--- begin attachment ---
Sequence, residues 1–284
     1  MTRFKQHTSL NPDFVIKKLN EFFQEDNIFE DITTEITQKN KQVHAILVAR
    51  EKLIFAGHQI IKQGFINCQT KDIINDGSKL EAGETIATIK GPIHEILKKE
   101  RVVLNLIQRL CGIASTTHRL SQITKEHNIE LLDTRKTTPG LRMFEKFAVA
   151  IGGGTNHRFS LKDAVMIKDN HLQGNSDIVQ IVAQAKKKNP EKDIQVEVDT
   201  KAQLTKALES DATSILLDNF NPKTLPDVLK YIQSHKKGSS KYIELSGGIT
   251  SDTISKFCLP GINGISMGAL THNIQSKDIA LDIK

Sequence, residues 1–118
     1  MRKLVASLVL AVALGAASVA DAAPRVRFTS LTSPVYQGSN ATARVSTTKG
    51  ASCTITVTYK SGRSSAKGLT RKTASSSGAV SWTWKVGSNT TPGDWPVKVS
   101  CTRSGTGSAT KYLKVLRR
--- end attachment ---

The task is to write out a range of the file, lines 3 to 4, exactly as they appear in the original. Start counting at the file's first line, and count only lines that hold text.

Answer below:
    51  EKLIFAGHQI IKQGFINCQT KDIINDGSKL EAGETIATIK GPIHEILKKE
   101  RVVLNLIQRL CGIASTTHRL SQITKEHNIE LLDTRKTTPG LRMFEKFAVA